Nope, people born in '87 and '92 are remarkably similar to each other, probably some subtle differences, but clearly Millennial (someday we'll be saying "early Millennials"). The '92 Millennials grew up entirely within falling-crime times, whereas the '87 ones got to live through toddlerhood during rising-crime times, yet their outcomes are not worth splitting hairs over. Likewise, in the previous great generational divide, there's a much greater difference between '43 and '48 births (Silent vs. Boomer) than '48 to '53 births (both early Boomers).

If social development doesn't seem to really get going until age 5 or 6, when does it end? I'm tempted to say it's like language, an obvious rather than a lazy analogy in this case. So somewhere in the early half of adolescence, probably no later than 16 or 17.

If that's right, then we should see a perceptible though not yawning chasm between those who were born from the mid-'50s through the first half of the '70s, vs. those born in the second half of the '70s and first half of the '80s. The first group spent their entire formative years, 5 to 17, in rising-crime times. They obviously have other differences, but not too much in terms of fundamental social skills and behaviors.

Once you get to those born in the second half of the '70s, they're mostly inoculated from the contagion of '92 and after, but not entirely. They spent some sensitive middle adolescent years in that period. Most of their growing-up period told them to develop in one way, and suddenly they got the message to develop the opposite way.

And that semi-awkwardness should show a gradual increase up through the '84 births, who got up through their "middle years" of childhood in the good old days, but spent even more of their crucial years in the atomized era. That sounds about right. The later '70s births do show a stronger imprint of '90s sarcasm, irony, etc., than the early '70s births do. Much stronger. Not that they pioneered it, but that they've internalized it more. Ditto the early '80s births.

With Millennials, it's not semi or quasi-awkwardness, it's full blown. Unlike the gradual cline that we see at the upper end of the window, the lower end shows a sharper divide because children are apparently not very tuned-in socially before age 5. They're still interacting only with close kin, perhaps still being breast-fed. So whether you got in 1, 2, 3, or 4 years before things started going downhill, you all end up the same because all were equally shielded from the larger social stirrings.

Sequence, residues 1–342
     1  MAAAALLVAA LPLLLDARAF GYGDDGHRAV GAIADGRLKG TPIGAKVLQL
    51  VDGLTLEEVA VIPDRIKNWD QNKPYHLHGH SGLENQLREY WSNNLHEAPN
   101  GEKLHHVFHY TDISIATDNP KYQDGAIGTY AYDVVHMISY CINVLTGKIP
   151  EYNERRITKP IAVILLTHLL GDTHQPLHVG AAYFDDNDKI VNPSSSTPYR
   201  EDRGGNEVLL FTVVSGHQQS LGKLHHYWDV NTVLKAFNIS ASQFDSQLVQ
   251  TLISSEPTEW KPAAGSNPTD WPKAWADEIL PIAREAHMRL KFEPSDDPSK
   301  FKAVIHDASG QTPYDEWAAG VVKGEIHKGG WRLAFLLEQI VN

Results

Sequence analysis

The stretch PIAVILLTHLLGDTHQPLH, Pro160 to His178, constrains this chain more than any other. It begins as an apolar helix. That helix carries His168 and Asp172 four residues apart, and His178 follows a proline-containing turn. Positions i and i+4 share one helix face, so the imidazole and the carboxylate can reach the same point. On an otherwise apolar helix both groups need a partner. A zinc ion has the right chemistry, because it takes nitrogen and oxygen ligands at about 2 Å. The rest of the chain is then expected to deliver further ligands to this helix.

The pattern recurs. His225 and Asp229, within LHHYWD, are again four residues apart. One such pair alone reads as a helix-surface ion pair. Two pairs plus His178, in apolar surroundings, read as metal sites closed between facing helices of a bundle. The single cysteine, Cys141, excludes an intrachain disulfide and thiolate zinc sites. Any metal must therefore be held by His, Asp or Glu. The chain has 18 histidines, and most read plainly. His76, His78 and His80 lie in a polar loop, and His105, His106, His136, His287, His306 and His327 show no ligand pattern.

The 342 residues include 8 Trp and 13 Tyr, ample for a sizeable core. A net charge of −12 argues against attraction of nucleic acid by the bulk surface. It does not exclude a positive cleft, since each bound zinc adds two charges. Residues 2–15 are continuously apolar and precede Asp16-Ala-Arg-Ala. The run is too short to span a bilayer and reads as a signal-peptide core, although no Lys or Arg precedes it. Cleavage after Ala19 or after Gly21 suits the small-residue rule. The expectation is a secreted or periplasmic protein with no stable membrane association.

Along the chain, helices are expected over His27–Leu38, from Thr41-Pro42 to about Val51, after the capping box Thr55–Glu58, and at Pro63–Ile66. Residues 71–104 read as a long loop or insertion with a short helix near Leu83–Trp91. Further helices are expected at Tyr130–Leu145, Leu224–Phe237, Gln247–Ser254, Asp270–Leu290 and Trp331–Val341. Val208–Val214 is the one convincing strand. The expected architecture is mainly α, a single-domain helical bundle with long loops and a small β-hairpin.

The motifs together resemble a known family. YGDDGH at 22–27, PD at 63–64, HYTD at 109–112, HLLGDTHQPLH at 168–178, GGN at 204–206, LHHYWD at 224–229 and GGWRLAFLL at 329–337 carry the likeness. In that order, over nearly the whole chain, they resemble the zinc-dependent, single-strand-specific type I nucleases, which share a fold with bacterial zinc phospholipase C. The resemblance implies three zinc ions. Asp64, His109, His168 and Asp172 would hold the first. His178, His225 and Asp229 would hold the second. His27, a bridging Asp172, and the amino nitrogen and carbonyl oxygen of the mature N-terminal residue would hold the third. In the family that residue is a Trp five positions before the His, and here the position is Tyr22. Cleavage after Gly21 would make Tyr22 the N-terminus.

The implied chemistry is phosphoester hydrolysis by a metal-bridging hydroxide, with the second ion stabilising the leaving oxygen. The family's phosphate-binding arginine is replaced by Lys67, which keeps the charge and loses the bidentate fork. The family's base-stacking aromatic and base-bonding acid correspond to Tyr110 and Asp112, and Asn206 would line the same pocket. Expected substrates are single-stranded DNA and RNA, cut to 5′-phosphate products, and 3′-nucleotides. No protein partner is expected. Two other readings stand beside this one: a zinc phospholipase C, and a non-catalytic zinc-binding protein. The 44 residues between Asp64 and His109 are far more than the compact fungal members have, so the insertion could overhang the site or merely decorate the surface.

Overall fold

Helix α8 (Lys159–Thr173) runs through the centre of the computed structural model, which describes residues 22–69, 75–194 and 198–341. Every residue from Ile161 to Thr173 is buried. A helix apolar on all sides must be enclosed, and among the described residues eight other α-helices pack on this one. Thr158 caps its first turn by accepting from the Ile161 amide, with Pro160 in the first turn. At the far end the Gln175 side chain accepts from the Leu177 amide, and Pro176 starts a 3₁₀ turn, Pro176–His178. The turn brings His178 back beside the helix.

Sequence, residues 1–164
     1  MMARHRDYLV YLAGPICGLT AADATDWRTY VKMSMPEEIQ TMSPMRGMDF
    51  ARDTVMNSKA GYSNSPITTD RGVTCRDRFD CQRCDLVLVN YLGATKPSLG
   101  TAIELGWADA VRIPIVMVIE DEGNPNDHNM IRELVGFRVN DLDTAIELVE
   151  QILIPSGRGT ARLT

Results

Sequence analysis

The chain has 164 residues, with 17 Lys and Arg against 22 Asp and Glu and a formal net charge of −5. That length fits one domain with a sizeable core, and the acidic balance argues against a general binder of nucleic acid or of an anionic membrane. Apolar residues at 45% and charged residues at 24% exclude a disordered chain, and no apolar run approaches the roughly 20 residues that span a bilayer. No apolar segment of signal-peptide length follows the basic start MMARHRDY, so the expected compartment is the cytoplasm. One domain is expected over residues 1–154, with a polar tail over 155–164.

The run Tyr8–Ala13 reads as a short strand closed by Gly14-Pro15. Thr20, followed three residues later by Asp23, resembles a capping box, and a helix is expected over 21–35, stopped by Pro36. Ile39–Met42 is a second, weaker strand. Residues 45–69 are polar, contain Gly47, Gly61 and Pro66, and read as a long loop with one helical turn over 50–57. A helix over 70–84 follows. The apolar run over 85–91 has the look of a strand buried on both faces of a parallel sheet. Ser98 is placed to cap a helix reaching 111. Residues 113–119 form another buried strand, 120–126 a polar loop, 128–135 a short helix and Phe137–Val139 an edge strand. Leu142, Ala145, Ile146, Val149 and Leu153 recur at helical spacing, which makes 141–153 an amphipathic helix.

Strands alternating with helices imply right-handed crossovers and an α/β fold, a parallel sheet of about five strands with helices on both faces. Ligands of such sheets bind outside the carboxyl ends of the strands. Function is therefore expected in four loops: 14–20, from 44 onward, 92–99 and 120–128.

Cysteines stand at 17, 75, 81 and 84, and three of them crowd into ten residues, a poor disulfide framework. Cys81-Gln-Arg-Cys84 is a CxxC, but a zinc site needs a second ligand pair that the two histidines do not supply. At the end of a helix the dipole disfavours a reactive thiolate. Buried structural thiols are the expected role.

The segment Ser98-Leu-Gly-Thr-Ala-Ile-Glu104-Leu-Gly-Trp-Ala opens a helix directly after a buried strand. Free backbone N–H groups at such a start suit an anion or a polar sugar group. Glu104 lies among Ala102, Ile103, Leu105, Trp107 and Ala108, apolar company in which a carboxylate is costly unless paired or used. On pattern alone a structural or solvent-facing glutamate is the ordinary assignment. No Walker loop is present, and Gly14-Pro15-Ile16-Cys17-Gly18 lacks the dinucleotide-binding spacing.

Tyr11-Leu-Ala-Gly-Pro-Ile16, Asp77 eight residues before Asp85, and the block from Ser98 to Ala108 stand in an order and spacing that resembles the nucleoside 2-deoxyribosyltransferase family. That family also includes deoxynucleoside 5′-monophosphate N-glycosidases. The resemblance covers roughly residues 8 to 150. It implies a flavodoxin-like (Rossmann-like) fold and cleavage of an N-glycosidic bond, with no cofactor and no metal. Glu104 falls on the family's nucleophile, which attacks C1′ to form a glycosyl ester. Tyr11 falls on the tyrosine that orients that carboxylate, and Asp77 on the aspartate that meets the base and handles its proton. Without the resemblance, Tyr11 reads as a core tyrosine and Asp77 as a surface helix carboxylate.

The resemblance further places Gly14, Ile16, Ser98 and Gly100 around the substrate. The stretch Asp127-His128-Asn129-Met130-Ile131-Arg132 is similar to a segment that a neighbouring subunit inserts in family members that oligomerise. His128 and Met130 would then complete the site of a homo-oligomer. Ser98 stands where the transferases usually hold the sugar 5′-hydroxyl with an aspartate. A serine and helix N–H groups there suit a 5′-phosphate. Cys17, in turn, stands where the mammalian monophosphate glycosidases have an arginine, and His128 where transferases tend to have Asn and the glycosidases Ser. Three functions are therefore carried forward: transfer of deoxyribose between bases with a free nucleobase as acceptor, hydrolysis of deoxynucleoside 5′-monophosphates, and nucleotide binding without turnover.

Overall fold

Most of this seems on the right track, though certainly I could be off by a couple years at the lower or upper end. The main point is to show how much you can figure out just from review of recent history, though of course it's better to go back to another generational cycle and try repeating the results. I do think you see the same big split between early '20s and late '20s births that you see with early '80s vs. late '80s, only then it was Greatest Gen vs. Silent Gen. But that would be for another post.


  1. I don't know why, but I define generations by high school graduation date rather than birth date (e.g. HS class of '72 being mid-boomer, etc.).

  2. The reason that early childhood is so "important" has nothing to do with actual evidence, it's just a way to frantically insist that poor outcomes can't be a result of either genetics or a harmful cultural environment. Admitting to the former is totally verboten because Nazis, and the latter because contemplating the fact that culture X might produce different outcomes than culture Y might then lead one to then decide that one of these things is better, and we all know where that leads. The window in between conception and socialization is just what's left when you rule those things out, so that's what has to be the critical factor.